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The prevalence and determinants of iron deficiency anemia in rural Thai-Muslim pregnant women in Pattani Province.

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Faculty of Science and Technology, Prince of Songkla University, Hatyai, Songkhla, Thailand.


This study was conducted in order to describe the type of anemia and risk factors for iron deficiency anemia in Pattani Province, Thailand. A cross-sectional survey was conducted from March to October 1997 in five randomly selected districts, choosing villages in the catchment area of a random sample of 30 out of 57 health centers (HC). All resident eligible pregnant women (PW) at 32-40 weeks of gestation without any overt diseases were selected. Food intake and antenatal health history were assessed by a food frequency questionnaire, health questionnaire and a review of HC records. Of the 180 enrolled PW, the prevalence of iron deficiency (ID), iron deficiency anemia (IDA) and other anemia were 34.4, 37.8 and 7.8%, respectively. PW in the last group were excluded from the analysis of predictors of iron status. Stool samples were obtained from 130 PW. The prevalences of hookworm, Ascaris and Trichuris were 47, 48 and 25 %, respectively. The number of ante-natal care (ANC) visits ranged from 0-8 with a median of 3 visits. Of those PW who visited, 97% reported receiving iron tablets. The compliance rate with iron tablets was low especially in the third trimester (9-12 %). Ordinal logistic regression showed that the risks for ID and IDA were reduced with statistical significance at a gestational age greater than 34 weeks, with more than three ANC visits, and increased consumption of meat and calories, but increased with hookworm infection. Compliance with iron tablet supplementation did not significantly reduce the risk for ID and IDA. In this study, PW had high percentages of ID and IDA. The risk factors identified in this report require intervention to eliminate them.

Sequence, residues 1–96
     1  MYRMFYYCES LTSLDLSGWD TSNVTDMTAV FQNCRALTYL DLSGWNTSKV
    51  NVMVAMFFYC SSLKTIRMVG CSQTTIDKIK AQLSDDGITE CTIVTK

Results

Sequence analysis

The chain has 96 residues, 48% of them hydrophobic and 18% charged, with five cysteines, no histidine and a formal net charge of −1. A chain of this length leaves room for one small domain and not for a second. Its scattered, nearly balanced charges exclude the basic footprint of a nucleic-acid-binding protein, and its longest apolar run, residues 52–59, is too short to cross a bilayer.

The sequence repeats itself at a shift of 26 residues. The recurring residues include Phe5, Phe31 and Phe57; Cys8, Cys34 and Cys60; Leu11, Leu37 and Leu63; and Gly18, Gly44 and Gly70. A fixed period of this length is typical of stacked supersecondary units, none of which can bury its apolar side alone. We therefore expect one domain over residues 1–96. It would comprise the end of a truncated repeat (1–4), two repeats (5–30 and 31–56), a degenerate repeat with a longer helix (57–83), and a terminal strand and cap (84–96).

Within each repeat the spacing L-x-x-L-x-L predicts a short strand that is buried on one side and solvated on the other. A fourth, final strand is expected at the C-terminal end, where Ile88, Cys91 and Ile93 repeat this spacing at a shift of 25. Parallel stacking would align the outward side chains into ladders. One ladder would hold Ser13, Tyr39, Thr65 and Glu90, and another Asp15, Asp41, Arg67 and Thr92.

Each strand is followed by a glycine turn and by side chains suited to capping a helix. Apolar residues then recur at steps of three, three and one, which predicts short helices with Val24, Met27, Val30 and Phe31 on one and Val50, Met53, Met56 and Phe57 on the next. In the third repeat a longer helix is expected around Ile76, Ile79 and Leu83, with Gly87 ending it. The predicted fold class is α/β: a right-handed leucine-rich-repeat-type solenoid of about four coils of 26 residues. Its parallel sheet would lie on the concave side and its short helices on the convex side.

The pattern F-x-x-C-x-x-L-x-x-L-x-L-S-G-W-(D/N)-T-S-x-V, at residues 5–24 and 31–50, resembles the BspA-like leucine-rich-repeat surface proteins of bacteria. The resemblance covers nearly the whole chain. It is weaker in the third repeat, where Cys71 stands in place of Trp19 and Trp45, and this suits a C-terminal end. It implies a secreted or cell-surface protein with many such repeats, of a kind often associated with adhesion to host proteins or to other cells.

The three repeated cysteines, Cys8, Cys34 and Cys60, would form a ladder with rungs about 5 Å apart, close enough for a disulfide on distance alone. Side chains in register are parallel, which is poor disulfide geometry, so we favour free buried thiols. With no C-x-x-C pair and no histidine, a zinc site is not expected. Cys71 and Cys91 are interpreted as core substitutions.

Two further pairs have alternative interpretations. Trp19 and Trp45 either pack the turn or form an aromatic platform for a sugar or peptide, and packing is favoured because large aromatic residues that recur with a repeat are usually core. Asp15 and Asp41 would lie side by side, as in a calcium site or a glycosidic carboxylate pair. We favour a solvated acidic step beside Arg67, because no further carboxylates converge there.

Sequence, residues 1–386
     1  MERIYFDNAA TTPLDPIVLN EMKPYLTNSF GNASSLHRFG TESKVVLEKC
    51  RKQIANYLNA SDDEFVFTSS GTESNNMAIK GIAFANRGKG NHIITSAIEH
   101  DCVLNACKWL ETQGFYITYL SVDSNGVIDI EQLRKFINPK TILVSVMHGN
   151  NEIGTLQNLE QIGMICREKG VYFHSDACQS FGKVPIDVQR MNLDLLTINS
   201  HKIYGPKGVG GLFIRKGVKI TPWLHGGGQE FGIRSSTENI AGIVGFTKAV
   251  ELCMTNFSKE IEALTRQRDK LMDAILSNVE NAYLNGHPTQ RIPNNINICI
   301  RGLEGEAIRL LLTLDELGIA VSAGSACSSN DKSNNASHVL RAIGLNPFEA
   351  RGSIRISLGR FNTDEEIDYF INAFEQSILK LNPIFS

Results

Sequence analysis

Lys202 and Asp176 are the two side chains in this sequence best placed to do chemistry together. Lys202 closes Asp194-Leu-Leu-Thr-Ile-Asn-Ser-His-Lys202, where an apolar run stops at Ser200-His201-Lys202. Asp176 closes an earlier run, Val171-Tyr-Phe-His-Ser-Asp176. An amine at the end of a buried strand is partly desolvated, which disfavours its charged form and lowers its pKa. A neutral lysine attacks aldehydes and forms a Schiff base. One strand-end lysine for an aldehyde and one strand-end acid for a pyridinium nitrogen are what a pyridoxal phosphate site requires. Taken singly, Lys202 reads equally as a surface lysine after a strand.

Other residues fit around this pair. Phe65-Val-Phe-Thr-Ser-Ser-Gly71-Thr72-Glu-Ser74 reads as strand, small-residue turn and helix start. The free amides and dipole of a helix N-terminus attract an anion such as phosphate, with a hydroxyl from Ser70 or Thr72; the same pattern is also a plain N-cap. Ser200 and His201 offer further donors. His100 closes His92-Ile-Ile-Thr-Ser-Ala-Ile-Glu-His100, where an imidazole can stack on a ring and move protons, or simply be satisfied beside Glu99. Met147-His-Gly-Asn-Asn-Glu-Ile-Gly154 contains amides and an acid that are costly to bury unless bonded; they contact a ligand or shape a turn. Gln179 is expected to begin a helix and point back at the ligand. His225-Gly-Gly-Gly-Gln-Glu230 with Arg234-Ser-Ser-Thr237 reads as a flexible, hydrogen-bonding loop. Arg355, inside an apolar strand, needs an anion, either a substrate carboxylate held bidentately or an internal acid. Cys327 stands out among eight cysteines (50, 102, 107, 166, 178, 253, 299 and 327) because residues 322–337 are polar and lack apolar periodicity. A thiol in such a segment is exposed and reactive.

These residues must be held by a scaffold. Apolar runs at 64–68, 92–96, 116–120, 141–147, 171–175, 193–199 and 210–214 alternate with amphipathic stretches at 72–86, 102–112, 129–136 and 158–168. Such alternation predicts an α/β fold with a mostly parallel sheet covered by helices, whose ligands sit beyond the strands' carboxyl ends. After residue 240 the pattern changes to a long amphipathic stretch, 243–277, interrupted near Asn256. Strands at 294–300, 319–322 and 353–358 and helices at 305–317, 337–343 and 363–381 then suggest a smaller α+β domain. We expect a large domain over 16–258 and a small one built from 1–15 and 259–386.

[Indexed for MEDLINE]

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